# Recognizing xyz graphs is hard

I can now prove that recognizing whether a given 3-regular graph is an xyz graph (that is, whether it can be embedded in a 3d integer grid so that each grid line contains at most two points and so that all edges are oriented along grid lines) is NP-complete. The same reduction also shows that it is NP-complete to determine whether an arbitrary graph may be embedded in a 3d grid so that two vertices are adjacent if and only if they lie on a common grid line, because the xyz graphs are exactly the triangle-free cubic graphs of this type.

The proof is a reduction from graph 3-colorability, using gadgets of several types. The key new gadget is shown below:

By considering cases for how each of the three hexagons formed by the left six, middle six, and right six vertices of the gadget could be embedded in space, and how this affects the corresponding 3-colored surface coming from an xyz graph representation, one can show that, in any embedding of this gadget, the three edges coming into it from the left must be mutually perpendicular and coincident, as must the three edges exiting from the right. Additionally, the colored surface will have exactly three faces connecting each of these three triples of the edges, and the coloring of the right three faces (or equivalently the orientation of its three edges) can be determined uniquely from the coloring and orientation on the left. We call this a "connector gadget".

Colors of nodes in a 3-colorable graph will be represented in our reduction by the orientations of triples of edges of connector gadgets. Specifically, if we label the three edges of a connector gadget A, B, and C, then orientations with A parallel to the \( x \) axis will correspond to one color, orientations with A parallel to the \( y \) axis will correspond to a second color, and orientations with A parallel to the \( z \) axis will correspond to a third color. Thus, each color can be represented by two possible orientations, as we do not care which orientation is assigned to B and which to C.

To represent a vertex, we will use a vertex gadget formed by a cube, in which some or all of the cube vertices will be replaced by one of the ends of a connector gadget. The cube has a unique embedding, up to permutation of edge orientations, and the perpendicular and coincident property of connector gadgets forces the replaced cube to still only have a single embedding. Thus, any connector gadgets connected to a single vertex gadget must carry the same color information.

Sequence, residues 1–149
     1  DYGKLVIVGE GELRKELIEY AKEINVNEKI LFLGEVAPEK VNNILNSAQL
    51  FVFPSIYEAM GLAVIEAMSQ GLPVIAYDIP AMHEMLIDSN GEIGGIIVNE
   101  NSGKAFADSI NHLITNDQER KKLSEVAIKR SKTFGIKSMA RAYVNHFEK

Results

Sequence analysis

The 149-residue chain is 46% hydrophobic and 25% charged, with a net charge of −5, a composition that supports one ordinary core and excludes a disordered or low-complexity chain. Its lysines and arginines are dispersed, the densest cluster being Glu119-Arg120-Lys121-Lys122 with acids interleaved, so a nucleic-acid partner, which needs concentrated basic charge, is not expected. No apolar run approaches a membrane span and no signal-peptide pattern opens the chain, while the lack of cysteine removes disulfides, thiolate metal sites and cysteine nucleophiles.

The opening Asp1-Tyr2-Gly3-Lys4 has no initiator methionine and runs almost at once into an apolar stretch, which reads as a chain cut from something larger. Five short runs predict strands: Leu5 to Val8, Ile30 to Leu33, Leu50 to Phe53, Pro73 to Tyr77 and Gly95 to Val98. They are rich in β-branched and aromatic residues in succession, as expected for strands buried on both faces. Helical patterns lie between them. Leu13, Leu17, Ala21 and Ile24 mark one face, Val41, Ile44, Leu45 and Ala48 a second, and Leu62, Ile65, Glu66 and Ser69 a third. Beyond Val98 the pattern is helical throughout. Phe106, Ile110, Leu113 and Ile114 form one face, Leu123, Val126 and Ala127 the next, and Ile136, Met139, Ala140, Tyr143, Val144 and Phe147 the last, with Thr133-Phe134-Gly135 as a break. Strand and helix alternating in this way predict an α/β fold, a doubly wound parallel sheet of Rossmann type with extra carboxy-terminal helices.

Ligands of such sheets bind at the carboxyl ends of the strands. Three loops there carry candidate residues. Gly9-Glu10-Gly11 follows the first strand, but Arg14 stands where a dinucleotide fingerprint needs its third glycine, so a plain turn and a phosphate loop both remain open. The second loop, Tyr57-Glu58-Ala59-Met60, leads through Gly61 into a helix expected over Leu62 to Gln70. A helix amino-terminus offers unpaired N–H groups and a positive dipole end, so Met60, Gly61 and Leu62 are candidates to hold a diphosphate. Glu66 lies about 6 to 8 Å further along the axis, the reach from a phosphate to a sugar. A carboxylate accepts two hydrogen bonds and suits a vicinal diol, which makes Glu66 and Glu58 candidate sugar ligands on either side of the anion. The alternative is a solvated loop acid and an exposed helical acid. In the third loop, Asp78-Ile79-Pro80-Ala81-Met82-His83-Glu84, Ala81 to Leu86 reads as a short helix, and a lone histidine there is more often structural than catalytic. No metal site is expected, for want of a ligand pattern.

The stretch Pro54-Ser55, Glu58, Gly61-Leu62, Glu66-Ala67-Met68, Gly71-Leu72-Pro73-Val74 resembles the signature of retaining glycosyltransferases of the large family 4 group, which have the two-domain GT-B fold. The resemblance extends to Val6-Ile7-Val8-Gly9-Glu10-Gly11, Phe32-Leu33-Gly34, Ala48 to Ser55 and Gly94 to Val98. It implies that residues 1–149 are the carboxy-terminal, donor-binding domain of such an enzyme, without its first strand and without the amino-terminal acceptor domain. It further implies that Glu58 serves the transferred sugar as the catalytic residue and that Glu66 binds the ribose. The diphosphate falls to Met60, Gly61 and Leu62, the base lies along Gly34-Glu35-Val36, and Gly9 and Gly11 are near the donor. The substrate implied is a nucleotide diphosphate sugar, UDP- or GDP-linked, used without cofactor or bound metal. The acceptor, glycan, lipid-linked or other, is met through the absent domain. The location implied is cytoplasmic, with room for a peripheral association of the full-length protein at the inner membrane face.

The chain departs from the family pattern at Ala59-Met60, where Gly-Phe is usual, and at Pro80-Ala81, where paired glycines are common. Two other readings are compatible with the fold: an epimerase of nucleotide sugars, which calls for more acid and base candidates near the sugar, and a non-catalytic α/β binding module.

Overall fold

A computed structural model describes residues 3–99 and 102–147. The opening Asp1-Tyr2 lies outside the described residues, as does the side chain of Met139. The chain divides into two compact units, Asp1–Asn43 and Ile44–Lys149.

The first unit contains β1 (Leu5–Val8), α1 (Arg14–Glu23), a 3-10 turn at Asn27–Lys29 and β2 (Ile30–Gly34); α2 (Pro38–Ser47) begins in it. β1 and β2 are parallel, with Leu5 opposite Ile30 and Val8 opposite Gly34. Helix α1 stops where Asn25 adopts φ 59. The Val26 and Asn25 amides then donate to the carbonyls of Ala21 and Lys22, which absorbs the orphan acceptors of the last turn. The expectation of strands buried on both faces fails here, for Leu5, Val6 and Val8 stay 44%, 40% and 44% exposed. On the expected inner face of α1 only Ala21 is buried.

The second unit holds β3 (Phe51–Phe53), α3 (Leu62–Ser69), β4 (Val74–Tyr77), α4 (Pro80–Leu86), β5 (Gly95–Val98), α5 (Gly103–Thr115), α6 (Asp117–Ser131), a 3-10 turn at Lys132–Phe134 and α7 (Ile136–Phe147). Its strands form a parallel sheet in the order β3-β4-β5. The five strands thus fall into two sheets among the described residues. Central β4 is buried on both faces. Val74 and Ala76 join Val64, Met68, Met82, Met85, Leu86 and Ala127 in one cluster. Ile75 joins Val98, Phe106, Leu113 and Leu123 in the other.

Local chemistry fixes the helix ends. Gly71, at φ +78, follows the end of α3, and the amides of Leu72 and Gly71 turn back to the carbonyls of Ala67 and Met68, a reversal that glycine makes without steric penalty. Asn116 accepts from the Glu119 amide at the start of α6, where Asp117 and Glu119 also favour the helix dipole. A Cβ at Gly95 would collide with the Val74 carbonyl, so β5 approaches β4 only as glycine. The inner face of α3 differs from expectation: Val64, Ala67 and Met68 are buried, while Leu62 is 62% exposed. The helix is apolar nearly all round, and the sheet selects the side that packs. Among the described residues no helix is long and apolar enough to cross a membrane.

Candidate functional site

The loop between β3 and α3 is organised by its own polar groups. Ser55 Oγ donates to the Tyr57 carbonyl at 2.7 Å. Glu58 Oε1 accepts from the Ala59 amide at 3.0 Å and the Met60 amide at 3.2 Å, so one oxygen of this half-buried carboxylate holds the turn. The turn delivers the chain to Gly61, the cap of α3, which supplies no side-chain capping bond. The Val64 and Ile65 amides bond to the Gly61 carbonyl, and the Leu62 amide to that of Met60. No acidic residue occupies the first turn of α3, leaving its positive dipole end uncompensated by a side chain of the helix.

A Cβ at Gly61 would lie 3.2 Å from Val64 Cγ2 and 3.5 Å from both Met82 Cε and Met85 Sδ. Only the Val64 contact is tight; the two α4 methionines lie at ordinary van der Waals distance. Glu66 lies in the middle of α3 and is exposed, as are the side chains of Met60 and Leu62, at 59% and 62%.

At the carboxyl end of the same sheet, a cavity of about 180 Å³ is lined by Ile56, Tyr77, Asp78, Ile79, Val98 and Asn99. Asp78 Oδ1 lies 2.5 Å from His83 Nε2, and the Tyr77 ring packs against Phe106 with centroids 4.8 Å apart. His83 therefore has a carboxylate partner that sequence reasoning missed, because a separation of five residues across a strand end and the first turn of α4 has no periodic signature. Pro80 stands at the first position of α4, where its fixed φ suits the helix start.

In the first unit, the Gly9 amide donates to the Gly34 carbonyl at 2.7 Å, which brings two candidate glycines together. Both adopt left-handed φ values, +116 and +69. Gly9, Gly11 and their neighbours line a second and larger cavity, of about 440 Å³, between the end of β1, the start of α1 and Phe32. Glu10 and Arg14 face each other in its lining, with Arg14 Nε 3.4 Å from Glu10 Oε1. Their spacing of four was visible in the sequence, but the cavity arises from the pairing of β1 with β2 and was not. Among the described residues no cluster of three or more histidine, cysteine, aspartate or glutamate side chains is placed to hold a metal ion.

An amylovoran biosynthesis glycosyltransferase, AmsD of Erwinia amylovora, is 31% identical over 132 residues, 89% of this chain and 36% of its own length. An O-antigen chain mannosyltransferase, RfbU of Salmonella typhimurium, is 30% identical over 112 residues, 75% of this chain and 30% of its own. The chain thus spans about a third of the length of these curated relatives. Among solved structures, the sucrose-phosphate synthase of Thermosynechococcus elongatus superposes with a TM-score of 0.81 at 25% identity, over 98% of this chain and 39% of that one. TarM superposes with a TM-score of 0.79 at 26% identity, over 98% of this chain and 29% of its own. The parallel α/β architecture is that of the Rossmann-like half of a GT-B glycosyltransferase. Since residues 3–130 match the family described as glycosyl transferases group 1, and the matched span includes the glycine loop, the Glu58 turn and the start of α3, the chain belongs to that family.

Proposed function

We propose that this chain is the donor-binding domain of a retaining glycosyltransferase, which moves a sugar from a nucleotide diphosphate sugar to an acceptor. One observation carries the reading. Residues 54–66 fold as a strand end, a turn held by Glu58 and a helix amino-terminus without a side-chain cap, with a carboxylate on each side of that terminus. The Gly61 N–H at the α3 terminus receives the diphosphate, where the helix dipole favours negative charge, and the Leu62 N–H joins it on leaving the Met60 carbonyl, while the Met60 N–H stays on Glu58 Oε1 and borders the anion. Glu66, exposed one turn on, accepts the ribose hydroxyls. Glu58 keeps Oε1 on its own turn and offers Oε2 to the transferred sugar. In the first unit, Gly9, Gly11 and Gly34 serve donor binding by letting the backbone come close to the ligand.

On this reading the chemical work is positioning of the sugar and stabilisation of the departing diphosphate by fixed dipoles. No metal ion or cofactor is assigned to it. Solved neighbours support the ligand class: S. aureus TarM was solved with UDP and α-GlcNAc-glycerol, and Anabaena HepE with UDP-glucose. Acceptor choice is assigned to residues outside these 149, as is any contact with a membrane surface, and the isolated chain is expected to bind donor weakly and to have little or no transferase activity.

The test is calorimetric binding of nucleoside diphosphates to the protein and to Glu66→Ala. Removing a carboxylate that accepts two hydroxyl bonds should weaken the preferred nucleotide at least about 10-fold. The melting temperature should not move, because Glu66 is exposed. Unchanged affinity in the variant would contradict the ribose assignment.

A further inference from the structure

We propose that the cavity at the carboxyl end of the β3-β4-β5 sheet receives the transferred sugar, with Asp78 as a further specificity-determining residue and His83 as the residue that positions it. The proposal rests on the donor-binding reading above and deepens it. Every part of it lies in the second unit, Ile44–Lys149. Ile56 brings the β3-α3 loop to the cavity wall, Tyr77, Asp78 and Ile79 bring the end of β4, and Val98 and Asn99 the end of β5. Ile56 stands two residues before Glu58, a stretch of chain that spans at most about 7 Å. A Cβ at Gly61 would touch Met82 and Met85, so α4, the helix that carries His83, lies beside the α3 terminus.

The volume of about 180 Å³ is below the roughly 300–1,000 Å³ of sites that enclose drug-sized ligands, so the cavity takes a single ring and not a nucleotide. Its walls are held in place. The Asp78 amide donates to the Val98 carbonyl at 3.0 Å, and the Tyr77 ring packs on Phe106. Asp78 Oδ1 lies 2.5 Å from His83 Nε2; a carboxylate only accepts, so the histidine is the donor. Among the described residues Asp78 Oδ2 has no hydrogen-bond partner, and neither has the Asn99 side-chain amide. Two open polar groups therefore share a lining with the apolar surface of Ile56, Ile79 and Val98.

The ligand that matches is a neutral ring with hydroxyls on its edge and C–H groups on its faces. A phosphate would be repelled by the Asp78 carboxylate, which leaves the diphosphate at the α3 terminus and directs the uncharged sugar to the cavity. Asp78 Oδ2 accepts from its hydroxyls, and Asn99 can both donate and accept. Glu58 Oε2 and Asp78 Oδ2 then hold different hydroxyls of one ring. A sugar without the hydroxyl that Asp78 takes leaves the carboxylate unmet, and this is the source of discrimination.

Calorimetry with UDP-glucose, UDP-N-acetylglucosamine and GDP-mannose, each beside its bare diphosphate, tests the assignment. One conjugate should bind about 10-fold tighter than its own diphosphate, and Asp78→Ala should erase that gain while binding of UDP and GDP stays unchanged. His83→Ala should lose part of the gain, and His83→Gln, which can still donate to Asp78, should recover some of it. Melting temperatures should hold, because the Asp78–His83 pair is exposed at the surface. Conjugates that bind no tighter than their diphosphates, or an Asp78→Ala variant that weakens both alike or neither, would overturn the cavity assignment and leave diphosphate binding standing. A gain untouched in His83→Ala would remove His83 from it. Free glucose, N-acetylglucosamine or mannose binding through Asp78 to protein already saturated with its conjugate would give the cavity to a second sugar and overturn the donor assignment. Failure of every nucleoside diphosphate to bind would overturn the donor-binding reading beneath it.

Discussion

Connector gadgets can force the triples of edges at each end to represent the same color as each other but to complete our reduction we need edge gadgets that force the colors represented by two triples of edges to be different from each other. To make this we use the 32-vertex ambiguous xyz graph previously described here. If \( u \) and \( v \) are two adjacent vertices of this graph, not part of the same square, and if (A,B,C) is an orientation of edges in the connector gadget at \( u \), with A corresponding to the edge connecting \( u \) to \( v \), then the connector gadget at \( v \) has edges that can be oriented either as (A,B,C) or (A,C,B); that is, we can convert between the two different representations of the same color using this gadget. We call the gadget formed by replacing u and v by connectors a flip gadget.

Our overall edge gadget is formed by the sequential attachment of a connector, flip gadget, connector, flip gadget, and connector. The edges representing the color at the two ends of the edge gadget are the ones that are not part of the flip in their respective flip gadgets. This sequence of gadgets allows the triples of edges at its two ends to take on any two triples of orientations that do not represent the same color as each other.

To reduce 3-colorability of a graph \( G \) to xyz graph recognition of a graph \( G' \), we form a vertex gadget for each vertex in \( G \) of degree at most eight (or set of vertex gadgets, connected by connector gadgets, for higher degree vertices), and an edge gadget connecting two vertex gadgets for each edge in \( G \). If the resulting \( G' \) is an xyz graph, the orientations of the edges in its vertex gadgets can be decoded to form a coloring of \( G \). And conversely, if \( G \) is 3-colorable, one can assign orientations to its edges from the 3-coloring in such a way that we get a properly colored collection of faces forming a surface, and use the equivalence of surface coloring and xyz embedding to find a representation of \( G' \) as an xyz graph. Thus, \( G \) is 3-colorable if and only if \( G' \) is an xyz graph.

Since xyz graph recognition is in NP and has a reduction from a known NP-complete problem, it is also NP-complete.

**ETA:** Relatedly, the graphs embeddable in a 2d grid such that two vertices are adjacent if and only if they share a row or column are the line graphs of bipartite graphs, known to be polynomially recognizable and one of the important building blocks of perfect graphs. Of course, as xyz graphs are triangle-free and not always bipartite, they cannot all be perfect. The line graphs of tripartite graphs (NP-complete to recognize via 3-coloring) can be realized geometrically as intersection graphs of axis-aligned lines in 3d.